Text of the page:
What is the consistent factor between the diets being implicated in diet-related DCM? It may be related to companies’ inadequate nutritional expertise or rigorous quality control. We published a study several years ago in which we measured a single nutrient in 90 canned cat foods that all claimed to be nutritionally complete and balanced. We found that 15% of the diets were deficient in that nutrient (all of those diets were made by small companies). If companies don’t have the quality control to ensure all nutrients are at the minimum levels, deficiencies could occur and could contribute to DCM. However, these problems could also be related to problems with bioavailability or interaction with other ingredients in the diet (especially the more exotic ingredients, which are not as well studied or understood). And DCM could even be the result of an ingredient in the diet that is toxic to the heart. The FDA is investigating this potential association between diet and DCM but, in the meantime, there are some things you can do.

    What should you do?

    • Reconsider your dog’s diet. If you’re feeding a boutique, grain-free, or exotic ingredient diets, I would reassess whether you could change to a diet with more typical ingredients made by a company with a long track record of producing good quality diets. And do yourself a favor – stop reading the ingredient list! Although this is the most common way owners select their pets’ food, it is the least reliable way to do so. And be careful about currently available pet food rating websites that rank pet foods either on opinion or on based on myths and subjective information. It’s important to use more objective criteria (e.g., research, nutritional expertise, quality control in judging a pet food). The best way to select what is really the best food for your pet is to ensure the manufacturer has excellent nutritional expertise and rigorous quality control standards (see our “Questions you should be asking about your pet’s food” post).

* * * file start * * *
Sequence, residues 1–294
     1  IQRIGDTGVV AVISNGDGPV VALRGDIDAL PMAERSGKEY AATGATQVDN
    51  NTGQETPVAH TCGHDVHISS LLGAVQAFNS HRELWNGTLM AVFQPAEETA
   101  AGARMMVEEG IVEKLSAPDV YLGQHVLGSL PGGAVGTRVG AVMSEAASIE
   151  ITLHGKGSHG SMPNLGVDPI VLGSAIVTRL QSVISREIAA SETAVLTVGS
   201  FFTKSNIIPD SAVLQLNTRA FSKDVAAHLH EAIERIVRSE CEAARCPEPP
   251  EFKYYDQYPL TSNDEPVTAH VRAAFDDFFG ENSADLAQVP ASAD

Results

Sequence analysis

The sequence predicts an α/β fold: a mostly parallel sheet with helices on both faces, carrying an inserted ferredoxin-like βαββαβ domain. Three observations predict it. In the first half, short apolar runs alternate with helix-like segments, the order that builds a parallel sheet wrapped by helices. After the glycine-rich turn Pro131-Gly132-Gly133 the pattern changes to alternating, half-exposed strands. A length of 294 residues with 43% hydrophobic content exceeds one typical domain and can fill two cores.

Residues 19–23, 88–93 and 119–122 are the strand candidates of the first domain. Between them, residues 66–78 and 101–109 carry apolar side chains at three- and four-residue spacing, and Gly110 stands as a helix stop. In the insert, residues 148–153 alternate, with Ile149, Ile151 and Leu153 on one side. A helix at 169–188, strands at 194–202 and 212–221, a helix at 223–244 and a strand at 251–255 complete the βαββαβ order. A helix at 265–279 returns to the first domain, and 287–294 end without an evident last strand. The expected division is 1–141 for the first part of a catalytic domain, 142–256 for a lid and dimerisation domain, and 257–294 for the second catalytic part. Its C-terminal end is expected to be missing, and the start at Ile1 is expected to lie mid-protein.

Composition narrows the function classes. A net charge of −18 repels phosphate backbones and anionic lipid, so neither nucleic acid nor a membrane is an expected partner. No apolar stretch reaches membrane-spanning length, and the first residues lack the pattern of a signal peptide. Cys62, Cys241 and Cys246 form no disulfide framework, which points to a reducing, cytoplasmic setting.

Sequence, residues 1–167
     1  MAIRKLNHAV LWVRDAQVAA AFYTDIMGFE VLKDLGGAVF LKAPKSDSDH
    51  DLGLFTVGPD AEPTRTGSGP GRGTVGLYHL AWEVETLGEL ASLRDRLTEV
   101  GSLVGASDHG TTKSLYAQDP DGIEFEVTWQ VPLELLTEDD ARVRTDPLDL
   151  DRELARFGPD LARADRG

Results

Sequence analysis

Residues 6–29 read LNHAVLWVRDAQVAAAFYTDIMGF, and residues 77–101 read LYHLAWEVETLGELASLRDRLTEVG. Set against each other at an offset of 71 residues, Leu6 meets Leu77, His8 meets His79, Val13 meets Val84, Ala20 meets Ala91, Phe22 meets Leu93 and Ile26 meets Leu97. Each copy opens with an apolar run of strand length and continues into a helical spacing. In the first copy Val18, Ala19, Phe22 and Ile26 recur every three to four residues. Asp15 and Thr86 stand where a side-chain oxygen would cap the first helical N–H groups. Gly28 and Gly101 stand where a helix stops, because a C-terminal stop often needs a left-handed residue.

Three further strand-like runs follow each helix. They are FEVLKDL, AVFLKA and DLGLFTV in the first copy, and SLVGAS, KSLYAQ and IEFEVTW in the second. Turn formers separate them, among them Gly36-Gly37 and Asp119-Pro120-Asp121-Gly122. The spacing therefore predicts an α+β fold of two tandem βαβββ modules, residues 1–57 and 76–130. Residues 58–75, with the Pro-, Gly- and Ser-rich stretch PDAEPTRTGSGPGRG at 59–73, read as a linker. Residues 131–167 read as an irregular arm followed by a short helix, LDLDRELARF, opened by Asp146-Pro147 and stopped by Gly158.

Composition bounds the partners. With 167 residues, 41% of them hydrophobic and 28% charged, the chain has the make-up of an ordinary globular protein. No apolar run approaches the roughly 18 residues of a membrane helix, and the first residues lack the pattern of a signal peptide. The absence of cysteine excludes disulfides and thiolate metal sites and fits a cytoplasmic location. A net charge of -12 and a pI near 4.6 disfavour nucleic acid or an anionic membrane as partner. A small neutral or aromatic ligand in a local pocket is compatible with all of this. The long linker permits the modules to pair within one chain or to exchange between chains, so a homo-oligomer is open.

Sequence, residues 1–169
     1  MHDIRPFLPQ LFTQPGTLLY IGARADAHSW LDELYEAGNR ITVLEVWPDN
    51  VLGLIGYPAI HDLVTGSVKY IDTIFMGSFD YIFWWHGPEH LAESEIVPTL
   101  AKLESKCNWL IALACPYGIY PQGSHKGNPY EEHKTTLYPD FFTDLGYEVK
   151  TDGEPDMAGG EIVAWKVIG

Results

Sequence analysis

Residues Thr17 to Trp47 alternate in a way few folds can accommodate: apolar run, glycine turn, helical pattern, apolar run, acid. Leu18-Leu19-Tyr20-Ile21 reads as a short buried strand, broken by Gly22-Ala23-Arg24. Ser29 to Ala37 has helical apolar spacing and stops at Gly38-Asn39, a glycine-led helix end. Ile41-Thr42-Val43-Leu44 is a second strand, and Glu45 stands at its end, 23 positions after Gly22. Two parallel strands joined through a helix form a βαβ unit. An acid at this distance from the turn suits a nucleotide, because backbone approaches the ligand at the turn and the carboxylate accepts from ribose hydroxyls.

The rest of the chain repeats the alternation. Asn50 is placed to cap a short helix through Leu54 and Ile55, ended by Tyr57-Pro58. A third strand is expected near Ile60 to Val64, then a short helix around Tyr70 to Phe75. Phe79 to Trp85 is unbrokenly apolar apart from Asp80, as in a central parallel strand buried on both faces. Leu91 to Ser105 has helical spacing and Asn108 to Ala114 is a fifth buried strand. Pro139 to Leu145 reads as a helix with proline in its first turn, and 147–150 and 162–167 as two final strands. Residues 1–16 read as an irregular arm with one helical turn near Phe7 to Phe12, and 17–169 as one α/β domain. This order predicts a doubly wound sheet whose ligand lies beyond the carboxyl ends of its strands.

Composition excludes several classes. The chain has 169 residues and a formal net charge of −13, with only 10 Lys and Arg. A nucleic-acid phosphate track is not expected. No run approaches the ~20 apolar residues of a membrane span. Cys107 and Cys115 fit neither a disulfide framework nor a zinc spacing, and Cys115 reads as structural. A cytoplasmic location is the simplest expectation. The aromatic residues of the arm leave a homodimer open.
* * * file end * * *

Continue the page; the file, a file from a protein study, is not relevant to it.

• If you’re feeding your dog a boutique, grain-free, or exotic ingredient diet, watch for early signs of heart disease – weakness, slowing down, less able to exercise, short of breath, coughing, or fainting. Your veterinarian will listen for a heart murmur or abnormal heart rhythm and may do additional tests (or send you to see a veterinary cardiologist), such as x-rays, blood tests, electrocardiogram, or ultrasound of the heart (echocardiogram).
    • If your dog is diagnosed with DCM and eating one of these diets, I’d recommend the following steps:
      • Ask your veterinarian to test whole blood and plasma taurine levels (I recommend the University of California Davis Amino Acid Laboratory
      • Report it to the FDA. This can be done either online or by telephone. The FDA may be able to help with testing costs for your dog. Reporting it will also help us to identify and solve this current problem.
      • Change your dog’s diet to one made by a well-known reputable company and containing standard ingredients (e.g., chicken, beef, rice, corn, wheat). Changing to a raw or homecooked diet will not protect your dog from this issue (and may increase the risk for other nutritional deficiencies). If your dog requires a homecooked diet or has other medical conditions that require special considerations, be sure to talk to a veterinarian or a veterinary nutritionist (acvn.org) before making a dietary change. You can contact the Cummings Nutrition Service to schedule an appointment (vetnutrition@tufts.edu)
      • Start taurine supplementation. Your veterinarian or veterinary cardiologist can recommend an appropriate dose for your dog. Be sure to use a brand of taurine with good quality control.
      • Any improvements in your dog’s DCM can take 3-6 months. Your dog will need regular monitoring and may require heart medications during this time. There’s no guarantee she’ll improve but is certainly worth a try.
      • Make sure your dog is getting the best combination of medications to treat his heart disease, as this can make a difference in his outcome. You can find a board-certified veterinary cardiologist near you on this website: Veterinary Specialist Directory - Find Veterinary Specialist - VetSpecialists.com
    Sometimes, the changes we make in pet nutrition advance our knowledge and the health of our pets. In other cases, we can take a step in the wrong direction when the marketing outpaces the science. Hopefully, identifying this current issue will allow us to set a new, more science-based approach to the optimal nutrition of our pets.

    For more information about heart disease in dogs, please see our HeartSmart website.



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    Lisa M. Freeman, DVM, PhD, DACVN